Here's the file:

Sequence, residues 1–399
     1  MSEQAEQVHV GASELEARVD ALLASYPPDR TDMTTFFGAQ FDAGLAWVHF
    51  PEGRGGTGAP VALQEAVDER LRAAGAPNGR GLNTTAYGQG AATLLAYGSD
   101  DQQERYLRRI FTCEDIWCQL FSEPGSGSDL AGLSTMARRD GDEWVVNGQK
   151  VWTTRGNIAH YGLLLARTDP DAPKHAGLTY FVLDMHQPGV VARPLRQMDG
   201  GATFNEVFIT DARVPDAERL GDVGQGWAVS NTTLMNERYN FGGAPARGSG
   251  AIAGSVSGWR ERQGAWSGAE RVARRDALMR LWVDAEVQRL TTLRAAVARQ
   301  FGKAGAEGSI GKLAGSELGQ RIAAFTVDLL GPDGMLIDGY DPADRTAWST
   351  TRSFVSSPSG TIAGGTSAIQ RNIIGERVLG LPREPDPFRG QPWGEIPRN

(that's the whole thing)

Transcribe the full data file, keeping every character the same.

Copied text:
Sequence, residues 1–399
     1  MSEQAEQVHV GASELEARVD ALLASYPPDR TDMTTFFGAQ FDAGLAWVHF
    51  PEGRGGTGAP VALQEAVDER LRAAGAPNGR GLNTTAYGQG AATLLAYGSD
   101  DQQERYLRRI FTCEDIWCQL FSEPGSGSDL AGLSTMARRD GDEWVVNGQK
   151  VWTTRGNIAH YGLLLARTDP DAPKHAGLTY FVLDMHQPGV VARPLRQMDG
   201  GATFNEVFIT DARVPDAERL GDVGQGWAVS NTTLMNERYN FGGAPARGSG
   251  AIAGSVSGWR ERQGAWSGAE RVARRDALMR LWVDAEVQRL TTLRAAVARQ
   301  FGKAGAEGSI GKLAGSELGQ RIAAFTVDLL GPDGMLIDGY DPADRTAWST
   351  TRSFVSSPSG TIAGGTSAIQ RNIIGERVLG LPREPDPFRG QPWGEIPRN